“Can a woman write the Great American Novel?” With this question in mind, Salon’s Laura Miller reviews Elaine Showalter’s new book, A Jury of Her Peers: American Women Writers from Anne Bradstreet to Annie Proulx:
…The bestseller lists, though less intellectually exalted, tend to break down more evenly along gender lines; between J.K. Rowling and Stephenie Meyer alone, the distaff side is more than holding its own in terms of revenue. But when it comes to respect, are women writers getting short shrift?
The question is horribly fraught, and has been since the 1970s. Ten years ago, in a much-argued-about essay for Harper’s, the novelist and critic Francine Prose accused the literary establishment — dispensers of prestigious prizes and reviews — of continuing to read women’s fiction with “the usual prejudices and preconceptions,” even if most of them have learned not to admit as much publicly. […] Alongside the idea that women writers have been unjustly neglected, there has blossomed the suspicion that some of them have recently become unduly celebrated — an aesthetic variation on the conservative shibboleth of affirmative action run amok.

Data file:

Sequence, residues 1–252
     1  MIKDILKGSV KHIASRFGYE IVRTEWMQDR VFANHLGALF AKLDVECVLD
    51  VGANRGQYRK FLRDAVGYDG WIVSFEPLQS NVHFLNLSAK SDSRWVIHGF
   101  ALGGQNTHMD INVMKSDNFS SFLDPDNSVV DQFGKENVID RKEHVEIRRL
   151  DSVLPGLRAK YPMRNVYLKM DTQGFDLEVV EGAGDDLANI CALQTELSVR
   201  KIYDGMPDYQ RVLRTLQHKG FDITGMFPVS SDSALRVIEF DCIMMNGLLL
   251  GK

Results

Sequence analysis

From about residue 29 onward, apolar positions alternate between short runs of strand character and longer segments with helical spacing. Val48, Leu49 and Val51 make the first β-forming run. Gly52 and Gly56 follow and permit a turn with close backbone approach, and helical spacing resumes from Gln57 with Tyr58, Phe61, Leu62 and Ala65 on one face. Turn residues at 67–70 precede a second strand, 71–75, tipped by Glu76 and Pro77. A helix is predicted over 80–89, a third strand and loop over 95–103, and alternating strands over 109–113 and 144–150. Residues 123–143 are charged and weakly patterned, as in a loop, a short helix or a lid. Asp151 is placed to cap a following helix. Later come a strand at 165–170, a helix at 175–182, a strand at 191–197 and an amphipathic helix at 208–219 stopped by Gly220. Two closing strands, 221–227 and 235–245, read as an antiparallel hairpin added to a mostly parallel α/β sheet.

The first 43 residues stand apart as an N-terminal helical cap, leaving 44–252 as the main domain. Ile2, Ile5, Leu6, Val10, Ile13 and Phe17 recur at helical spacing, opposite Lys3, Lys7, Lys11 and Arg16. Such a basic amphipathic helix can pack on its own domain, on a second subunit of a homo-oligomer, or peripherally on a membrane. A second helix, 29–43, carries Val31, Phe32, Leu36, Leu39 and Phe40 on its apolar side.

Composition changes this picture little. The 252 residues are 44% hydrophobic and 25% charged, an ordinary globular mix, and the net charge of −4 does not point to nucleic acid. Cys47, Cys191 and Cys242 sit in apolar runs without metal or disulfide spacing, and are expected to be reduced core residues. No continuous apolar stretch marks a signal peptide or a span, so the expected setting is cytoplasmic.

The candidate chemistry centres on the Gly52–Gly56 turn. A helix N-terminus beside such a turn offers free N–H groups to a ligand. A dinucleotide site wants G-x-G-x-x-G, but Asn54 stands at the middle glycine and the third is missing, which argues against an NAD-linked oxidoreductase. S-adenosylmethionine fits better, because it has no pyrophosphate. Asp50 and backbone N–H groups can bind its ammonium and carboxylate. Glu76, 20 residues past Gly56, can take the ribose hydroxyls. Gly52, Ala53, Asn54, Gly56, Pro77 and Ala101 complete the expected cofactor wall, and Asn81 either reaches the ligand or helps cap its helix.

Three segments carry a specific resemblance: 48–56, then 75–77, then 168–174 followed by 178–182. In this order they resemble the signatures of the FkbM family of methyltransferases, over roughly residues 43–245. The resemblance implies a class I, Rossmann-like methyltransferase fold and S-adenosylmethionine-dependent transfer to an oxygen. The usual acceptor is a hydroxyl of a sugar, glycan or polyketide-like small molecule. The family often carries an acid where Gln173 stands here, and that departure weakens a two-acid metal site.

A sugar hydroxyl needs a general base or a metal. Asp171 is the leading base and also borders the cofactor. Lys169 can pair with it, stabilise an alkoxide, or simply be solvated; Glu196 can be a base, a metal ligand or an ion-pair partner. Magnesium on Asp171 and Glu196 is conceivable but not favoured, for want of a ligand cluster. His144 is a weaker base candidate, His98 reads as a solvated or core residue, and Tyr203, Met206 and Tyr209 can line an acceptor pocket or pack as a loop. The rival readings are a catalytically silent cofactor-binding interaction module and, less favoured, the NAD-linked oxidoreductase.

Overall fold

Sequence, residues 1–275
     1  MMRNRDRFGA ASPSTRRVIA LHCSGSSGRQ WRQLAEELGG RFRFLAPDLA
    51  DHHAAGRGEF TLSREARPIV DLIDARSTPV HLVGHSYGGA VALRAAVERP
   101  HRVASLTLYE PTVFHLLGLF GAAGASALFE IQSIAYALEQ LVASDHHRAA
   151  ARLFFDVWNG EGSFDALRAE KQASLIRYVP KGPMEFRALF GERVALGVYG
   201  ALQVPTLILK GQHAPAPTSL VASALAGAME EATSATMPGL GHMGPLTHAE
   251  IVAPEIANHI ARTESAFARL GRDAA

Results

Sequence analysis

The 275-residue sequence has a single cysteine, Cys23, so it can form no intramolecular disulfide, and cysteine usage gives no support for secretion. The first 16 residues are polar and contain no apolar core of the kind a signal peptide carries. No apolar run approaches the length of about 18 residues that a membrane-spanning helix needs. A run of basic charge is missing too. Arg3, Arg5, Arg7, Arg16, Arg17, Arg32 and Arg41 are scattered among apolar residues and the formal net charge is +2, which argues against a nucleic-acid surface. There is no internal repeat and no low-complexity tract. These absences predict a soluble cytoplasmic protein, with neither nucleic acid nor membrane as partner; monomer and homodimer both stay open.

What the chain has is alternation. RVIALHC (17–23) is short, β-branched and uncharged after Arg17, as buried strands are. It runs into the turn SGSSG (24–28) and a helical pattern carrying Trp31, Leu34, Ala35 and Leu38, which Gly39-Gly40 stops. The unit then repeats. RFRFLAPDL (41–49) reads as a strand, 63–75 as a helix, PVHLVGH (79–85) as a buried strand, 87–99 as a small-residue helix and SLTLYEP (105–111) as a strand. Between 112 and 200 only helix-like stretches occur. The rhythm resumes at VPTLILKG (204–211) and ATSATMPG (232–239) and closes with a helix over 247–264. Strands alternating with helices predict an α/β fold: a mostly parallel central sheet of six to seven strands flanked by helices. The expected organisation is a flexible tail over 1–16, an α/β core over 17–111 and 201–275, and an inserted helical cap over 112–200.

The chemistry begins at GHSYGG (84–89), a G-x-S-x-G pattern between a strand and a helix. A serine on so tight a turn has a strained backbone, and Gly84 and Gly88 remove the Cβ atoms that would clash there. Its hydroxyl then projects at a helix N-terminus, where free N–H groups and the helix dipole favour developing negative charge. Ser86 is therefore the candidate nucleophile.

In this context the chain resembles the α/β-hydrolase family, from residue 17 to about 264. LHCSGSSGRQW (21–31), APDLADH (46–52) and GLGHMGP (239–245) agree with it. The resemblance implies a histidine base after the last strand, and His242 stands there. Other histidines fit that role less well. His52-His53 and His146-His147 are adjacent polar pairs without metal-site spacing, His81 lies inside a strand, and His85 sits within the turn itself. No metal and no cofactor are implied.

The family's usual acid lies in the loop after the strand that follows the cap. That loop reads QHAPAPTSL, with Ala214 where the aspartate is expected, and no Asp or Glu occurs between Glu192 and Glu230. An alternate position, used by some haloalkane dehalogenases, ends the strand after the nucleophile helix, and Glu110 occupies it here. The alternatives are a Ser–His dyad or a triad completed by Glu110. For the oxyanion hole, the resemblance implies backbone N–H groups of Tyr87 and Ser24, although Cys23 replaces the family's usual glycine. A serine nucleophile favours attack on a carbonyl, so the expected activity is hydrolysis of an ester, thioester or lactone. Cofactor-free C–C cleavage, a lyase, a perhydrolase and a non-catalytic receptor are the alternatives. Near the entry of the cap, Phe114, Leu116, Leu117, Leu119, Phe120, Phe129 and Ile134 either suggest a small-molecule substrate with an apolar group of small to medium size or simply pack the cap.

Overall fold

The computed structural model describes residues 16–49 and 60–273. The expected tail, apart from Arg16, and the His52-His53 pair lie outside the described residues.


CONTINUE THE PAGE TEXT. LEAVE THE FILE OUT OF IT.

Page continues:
Onto this mine-studded terrain and with impressive aplomb, strides Elaine Showalter…
I’d love to hear what you think of this question and the hundreds of others this article raises — what, if any, books by women would you categorize as important American novels? How and how much should scope and subject (domestic vs. worldly spheres) factor into our judgment of a novel’s worth? How do we define the Great American Novel, and is this definition in need of some rethinking? What do you make of the claim that women of color have a better shot at writing something Great (or received as such)?
Side note: The comments posted after the article itself give me hives…as of posting time, these “letters from readers” range from the ever-pointless “quit yer whining” types to this particularly offensive gem. Why are online comments so infernally depressing? It’s a question for another time, but I’m tired of even scrolling through such sad, small, and often hateful shrapnel.